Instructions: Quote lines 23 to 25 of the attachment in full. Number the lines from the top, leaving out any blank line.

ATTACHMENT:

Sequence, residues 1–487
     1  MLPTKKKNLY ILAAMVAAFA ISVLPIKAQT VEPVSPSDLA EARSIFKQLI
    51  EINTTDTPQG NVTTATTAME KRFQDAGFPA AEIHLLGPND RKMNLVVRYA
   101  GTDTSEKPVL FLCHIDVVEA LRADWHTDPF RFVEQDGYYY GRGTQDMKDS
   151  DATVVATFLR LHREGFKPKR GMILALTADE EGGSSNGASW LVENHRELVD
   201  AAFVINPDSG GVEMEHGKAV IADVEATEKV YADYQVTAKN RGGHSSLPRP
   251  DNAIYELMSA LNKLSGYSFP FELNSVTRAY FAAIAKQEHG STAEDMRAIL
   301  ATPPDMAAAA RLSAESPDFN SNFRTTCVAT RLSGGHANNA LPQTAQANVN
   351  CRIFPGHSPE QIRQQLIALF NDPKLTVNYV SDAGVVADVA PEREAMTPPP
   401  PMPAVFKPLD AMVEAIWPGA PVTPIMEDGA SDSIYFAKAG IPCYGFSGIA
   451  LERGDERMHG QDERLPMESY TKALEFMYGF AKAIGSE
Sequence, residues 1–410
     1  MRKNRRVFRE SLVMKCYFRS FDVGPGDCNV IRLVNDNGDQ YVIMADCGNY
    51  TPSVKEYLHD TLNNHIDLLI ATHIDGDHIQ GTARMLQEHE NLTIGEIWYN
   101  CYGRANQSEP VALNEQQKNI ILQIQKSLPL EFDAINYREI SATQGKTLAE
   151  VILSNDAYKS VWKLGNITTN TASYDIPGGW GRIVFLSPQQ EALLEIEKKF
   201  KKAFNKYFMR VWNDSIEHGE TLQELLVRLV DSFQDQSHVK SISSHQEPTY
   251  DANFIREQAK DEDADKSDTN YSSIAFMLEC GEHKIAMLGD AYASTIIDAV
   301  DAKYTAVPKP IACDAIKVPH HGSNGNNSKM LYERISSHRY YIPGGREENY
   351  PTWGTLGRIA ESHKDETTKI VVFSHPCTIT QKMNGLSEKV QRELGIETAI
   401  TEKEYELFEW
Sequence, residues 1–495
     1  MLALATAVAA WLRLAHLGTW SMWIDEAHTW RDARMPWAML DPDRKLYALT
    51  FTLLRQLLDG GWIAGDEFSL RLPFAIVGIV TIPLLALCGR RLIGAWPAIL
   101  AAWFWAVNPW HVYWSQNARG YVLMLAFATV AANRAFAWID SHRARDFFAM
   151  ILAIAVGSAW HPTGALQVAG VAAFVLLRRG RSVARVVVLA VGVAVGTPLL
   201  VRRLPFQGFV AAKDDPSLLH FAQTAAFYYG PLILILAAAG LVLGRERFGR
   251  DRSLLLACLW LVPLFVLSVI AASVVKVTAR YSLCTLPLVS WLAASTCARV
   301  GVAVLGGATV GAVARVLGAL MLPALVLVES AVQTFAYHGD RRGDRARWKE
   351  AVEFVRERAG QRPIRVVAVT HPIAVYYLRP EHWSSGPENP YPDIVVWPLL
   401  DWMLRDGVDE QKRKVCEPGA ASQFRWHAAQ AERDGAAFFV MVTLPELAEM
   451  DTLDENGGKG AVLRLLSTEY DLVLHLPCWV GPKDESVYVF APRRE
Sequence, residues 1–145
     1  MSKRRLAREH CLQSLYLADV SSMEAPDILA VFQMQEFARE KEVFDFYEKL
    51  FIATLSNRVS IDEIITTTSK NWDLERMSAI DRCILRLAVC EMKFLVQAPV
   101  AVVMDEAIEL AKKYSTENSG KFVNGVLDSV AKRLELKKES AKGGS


     1  MLALATAVAA WLRLAHLGTW SMWIDEAHTW RDARMPWAML DPDRKLYALT
    51  FTLLRQLLDG GWIAGDEFSL RLPFAIVGIV TIPLLALCGR RLIGAWPAIL
   101  AAWFWAVNPW HVYWSQNARG YVLMLAFATV AANRAFAWID SHRARDFFAM